Emma Raducanu wants to escape the twilight zone

Emma Raducanu wants to escape the twilight zone

Emma Raducanu throws a shot Credit: PA Images

Emma Raducanu throws a shot Credit: PA Images

As soon as a player puts his name on the honor roll, the sporting world thinks he has a new star. That’s how it works, huh?

Nuances do not enter into this unequal equation. Winning a Grand Slam immediately brings an expectation of certain standards that will be amplified externally in a social world that can only understand life by winning or losing. In capitals.

Thank God Emma Raducanu for breaking the mold. She may not be thanking everyone for their response to her difficulties, but a healthy dose of realism has now set in.

Winning 10 games in a row in Flushing Meadows without losing a set was the worst possible way to increase the wow! Pub. The trophy just toured Britain, squeezing the seeds of the September 2021 juice. It’s kind of an old narrative now. The world wants to see what Emma did next.

Raducanu airspace is full of noise and traffic is best closed off. The pessimists are out there and so are the optimists. The difficult second album syndrome can strangle rather than inspire. After winning in Paris a few weeks ago, Iga Swiatek said something that made a lot of sense: “OK, the first one happened, but the second one is confirmation that you really know what you’re doing.”

The Pole hit the nail on the head. No further questions will be asked of the 21-year-old for the time being until the mini-crisis of losing a match. It has the necessary validation for its own headspace. She is in the elite forever, a woman who has proven she can win multiple times and multiple titles on different surfaces.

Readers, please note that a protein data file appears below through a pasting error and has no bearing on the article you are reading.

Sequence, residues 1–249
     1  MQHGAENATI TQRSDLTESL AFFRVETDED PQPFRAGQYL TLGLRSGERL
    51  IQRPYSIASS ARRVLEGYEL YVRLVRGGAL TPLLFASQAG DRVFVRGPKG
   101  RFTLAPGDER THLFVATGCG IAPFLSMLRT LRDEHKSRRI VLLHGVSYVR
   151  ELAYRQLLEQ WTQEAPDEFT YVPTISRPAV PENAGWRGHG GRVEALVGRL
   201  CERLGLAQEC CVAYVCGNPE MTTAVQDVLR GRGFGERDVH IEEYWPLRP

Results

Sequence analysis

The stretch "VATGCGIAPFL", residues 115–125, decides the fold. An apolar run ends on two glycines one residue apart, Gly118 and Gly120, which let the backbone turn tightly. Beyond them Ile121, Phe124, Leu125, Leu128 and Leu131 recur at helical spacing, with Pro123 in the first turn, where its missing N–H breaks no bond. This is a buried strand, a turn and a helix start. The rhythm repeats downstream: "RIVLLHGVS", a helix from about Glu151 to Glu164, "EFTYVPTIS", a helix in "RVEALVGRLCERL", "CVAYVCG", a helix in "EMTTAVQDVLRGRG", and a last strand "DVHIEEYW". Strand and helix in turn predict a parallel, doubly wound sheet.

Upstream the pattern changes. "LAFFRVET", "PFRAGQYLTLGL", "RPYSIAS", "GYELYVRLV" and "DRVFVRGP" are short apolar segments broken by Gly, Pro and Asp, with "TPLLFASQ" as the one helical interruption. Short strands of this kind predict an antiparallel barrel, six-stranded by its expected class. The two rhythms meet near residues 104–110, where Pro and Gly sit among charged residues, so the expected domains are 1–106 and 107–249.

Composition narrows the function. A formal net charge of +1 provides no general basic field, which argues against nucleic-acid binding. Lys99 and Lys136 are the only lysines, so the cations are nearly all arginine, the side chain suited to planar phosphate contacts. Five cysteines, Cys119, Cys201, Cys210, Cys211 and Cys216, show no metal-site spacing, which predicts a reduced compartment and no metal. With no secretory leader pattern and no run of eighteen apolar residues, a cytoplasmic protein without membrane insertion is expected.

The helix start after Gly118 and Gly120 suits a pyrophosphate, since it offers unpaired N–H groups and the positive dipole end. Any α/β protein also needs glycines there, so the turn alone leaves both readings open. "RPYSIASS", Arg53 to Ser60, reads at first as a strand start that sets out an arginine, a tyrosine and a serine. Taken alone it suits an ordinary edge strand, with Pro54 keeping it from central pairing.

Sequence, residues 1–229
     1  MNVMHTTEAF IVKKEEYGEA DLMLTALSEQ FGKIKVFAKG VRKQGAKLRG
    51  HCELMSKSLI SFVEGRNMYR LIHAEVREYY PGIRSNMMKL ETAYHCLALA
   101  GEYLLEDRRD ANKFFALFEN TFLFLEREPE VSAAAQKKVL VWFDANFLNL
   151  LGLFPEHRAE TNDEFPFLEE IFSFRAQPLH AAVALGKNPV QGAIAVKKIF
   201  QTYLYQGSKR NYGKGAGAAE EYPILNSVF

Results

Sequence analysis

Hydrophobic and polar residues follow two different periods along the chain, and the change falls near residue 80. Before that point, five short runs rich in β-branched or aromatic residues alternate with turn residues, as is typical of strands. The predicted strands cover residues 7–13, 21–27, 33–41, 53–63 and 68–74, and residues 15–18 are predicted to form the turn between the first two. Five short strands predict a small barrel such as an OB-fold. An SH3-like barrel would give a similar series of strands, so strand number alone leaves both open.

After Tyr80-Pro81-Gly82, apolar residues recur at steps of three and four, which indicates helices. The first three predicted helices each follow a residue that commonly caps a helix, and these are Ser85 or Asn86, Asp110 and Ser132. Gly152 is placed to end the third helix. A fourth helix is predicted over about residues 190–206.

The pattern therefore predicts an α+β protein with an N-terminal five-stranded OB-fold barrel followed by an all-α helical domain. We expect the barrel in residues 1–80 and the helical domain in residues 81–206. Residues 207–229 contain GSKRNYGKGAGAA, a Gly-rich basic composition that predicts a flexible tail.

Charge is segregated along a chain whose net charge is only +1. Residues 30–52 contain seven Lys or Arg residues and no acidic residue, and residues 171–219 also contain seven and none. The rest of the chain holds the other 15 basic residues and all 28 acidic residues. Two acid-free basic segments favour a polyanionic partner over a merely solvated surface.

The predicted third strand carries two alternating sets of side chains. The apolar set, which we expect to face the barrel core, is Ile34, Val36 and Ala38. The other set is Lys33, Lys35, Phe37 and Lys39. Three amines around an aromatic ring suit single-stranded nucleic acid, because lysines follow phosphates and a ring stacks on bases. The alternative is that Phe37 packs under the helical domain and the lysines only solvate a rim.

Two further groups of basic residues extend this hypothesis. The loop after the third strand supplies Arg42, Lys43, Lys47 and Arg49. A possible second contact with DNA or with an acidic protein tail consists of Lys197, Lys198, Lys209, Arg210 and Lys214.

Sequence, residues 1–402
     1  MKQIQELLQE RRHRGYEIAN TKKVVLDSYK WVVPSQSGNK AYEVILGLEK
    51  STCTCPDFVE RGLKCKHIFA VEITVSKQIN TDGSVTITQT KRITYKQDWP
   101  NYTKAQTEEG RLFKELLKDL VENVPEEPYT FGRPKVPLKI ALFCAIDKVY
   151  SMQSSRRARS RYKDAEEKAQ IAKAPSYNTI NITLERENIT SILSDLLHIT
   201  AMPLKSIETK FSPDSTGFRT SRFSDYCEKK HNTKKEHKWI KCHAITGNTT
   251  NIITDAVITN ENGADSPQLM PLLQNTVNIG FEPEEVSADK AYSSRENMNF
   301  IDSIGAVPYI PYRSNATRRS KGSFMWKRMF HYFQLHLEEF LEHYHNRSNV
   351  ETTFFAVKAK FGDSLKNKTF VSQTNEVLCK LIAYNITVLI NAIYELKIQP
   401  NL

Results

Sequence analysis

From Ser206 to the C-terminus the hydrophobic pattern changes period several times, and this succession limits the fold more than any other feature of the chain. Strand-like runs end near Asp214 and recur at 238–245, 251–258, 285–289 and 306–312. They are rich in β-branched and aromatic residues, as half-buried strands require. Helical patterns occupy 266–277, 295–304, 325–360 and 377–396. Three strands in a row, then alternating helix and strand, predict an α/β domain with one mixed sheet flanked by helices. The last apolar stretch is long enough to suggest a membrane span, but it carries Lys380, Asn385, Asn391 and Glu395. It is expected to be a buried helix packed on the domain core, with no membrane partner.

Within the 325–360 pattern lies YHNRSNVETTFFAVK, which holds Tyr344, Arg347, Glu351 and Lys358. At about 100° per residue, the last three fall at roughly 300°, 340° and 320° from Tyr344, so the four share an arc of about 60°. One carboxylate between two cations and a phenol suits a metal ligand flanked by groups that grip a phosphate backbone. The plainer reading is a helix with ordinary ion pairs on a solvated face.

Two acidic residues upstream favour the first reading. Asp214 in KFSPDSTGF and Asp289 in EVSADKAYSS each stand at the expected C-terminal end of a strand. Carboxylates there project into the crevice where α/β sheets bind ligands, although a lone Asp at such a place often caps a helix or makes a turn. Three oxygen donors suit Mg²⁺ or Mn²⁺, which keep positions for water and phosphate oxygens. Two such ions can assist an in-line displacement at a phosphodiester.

Raducanu is currently in the twilight zone, looking to “connect the Emma I want to be and the Emma I am now. When I do that, I feel like I’m going to be very dangerous.” She’s trying not to worry about the little things.

The 19-year-old recently spoke of trying to “turn off more”, saying she’s “failing to be perfect all the time and being afraid of looking bad in front of me”. This is teenage angst, not tennis talk. We don’t need to know her justifications. Her transparency is both refreshing and engaging.

The burden on the stars of British youth sport has always been extreme – although in tennis there aren’t many teenagers who have butts in the seats, let alone on the edge of them. Judy Murray participated with the old “my son also had growing pains”, which is quite possible.

Paula Badosa asks Emma Raducanu for patience: ‘She needs time and more experience on tour’

Even Andy himself told the media to take a break: “We’re going to make mistakes and say the wrong thing sometimes, but maybe don’t judge us too harshly when we do this and I’m sure that would help Emma a little. .”

Everyone has an angle on the young Brit. There cannot be a direct plot or plan. She is young. She smile. She wins. She loses. She retires. Well, more of the latter at the moment, which is a little problematic. If she makes it to Wimbledon, her spine inches will be full of it.

Steve Davis once said that the perfect art of snooker “is playing like it means nothing when it means everything”. That’s not quite Kipling’s imposter quote, but that innocence can help Raducanu manage the weight of his internal struggle.

The article Emma Raducanu Looking to Escape the Twilight Zone appeared first on Tennis365.com.

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